Greene County does have reason to be concerned – the teenage birth rate in the neighboring county is 65 girls, ages 15 to 19, per every 1000, the very same as Athens-Clarke County, according to information provided by the Northeast Health District.
Morgan County, on the other hand, falls at the low end of spectrum when it comes to teenage birth rates in the Northeast Health District – 56 girls per every 1000. Oconee and Walton counties come in under Morgan County with 22 and 53, respectively. Meanwhile, the teenage birth rate in Elbert County is 58 girls per every 1000; Oglethorpe County, 63; Greene and Clarke counties, 65; Madison County, 66; Barrow County, 67; and Jackson County, 73.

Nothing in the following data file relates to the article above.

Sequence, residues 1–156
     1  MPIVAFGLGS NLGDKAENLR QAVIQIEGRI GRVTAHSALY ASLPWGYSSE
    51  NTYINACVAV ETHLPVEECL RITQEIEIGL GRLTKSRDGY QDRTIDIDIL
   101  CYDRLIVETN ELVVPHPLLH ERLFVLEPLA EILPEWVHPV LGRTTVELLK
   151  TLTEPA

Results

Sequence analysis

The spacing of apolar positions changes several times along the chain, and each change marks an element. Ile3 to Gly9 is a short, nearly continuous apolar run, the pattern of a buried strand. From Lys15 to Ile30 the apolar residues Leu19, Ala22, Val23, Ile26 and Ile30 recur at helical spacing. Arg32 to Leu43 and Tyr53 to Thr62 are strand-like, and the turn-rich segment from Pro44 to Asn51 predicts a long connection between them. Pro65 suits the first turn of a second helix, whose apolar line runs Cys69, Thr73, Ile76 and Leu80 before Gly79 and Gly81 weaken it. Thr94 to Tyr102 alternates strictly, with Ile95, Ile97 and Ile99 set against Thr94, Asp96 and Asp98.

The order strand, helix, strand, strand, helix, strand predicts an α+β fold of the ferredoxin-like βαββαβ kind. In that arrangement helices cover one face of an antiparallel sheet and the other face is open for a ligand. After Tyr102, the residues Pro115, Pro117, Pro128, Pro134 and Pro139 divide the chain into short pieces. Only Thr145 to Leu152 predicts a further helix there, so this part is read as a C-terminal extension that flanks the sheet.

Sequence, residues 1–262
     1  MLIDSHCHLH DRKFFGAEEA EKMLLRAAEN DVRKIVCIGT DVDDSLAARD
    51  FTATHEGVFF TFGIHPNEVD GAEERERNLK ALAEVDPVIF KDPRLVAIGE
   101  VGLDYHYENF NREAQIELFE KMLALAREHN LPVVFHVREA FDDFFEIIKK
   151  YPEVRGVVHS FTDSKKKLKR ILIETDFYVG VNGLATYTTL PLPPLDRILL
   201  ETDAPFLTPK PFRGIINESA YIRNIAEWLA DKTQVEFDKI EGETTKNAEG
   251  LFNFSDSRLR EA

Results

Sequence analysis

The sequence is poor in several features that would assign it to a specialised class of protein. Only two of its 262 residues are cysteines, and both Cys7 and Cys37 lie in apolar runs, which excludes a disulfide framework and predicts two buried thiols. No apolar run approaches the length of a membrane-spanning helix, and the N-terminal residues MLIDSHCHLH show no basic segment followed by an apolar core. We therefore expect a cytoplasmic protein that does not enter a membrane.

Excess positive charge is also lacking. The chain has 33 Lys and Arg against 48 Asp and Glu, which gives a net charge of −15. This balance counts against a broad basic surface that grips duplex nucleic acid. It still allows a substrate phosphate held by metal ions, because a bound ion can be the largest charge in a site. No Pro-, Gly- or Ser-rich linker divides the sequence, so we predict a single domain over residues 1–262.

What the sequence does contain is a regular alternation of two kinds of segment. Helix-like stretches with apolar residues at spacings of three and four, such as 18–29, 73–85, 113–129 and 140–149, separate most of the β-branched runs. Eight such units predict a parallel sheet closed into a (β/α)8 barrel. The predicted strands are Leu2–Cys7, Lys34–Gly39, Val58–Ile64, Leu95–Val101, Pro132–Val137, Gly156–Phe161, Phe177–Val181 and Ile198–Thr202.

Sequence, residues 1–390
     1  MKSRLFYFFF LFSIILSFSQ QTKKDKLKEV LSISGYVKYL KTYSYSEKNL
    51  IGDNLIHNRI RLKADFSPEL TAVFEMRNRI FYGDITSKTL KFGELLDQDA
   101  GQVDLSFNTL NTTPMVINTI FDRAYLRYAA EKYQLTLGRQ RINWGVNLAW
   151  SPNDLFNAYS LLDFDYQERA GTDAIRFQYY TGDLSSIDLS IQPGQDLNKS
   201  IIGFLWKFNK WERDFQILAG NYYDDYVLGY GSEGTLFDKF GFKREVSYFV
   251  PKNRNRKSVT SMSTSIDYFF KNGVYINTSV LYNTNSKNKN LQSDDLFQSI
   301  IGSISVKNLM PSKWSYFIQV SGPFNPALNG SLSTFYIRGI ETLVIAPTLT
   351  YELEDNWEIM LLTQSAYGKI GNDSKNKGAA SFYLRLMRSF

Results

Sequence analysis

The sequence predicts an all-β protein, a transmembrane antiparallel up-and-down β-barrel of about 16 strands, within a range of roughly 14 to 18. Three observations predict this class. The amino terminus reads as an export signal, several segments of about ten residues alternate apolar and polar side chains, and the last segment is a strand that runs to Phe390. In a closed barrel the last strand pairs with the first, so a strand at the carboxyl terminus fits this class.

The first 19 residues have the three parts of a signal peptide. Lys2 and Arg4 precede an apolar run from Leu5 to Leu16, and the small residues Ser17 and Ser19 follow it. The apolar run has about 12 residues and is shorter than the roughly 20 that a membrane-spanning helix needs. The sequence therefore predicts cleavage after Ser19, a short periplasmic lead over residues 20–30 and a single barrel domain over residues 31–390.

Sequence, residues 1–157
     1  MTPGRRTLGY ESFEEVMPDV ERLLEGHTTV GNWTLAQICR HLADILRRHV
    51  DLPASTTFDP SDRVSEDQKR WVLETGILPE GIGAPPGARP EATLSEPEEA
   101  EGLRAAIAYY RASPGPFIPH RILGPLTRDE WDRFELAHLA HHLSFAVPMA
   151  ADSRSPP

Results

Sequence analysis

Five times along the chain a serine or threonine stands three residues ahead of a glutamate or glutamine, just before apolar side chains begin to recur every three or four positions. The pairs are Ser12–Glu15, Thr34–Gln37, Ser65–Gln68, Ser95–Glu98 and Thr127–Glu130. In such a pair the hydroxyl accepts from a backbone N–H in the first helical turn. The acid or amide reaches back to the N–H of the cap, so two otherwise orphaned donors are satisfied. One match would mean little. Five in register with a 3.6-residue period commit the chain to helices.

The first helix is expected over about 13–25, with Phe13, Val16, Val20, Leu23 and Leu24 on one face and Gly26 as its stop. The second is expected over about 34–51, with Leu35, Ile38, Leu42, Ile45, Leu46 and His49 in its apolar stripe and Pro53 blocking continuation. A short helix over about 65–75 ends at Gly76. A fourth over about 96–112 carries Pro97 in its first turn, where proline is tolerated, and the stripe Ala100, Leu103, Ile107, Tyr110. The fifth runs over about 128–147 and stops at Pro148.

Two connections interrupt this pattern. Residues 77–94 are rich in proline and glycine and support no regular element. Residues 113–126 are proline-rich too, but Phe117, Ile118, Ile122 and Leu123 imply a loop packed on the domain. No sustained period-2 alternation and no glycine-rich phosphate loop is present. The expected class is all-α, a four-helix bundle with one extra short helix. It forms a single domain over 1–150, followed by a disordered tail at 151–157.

Compared to other counties in the district, then, Morgan is third when it comes to low teenage birth rates. Even statewide, the teenage birth rate is one point more than Morgan County’s – 57 girls per every 100.
Further, over the past 10 years, Morgan County has seen a decrease in teenage births, from as many as 38 teenagers delivering children in 1998 to as few as 22 teenagers delivering children in 2006. The good news, however, ends here.
Nationally, the teenage birth rate is 42 girls, ages 15 to 19, per every 1000 – a good 14 points less than that of Morgan County’s. However, compared to other developed countries, the nation, state and even Morgan County fall short – in the France, the teenage birth rate is 10; Germany, 13; Australia, 20; and the United Kingdom, 28.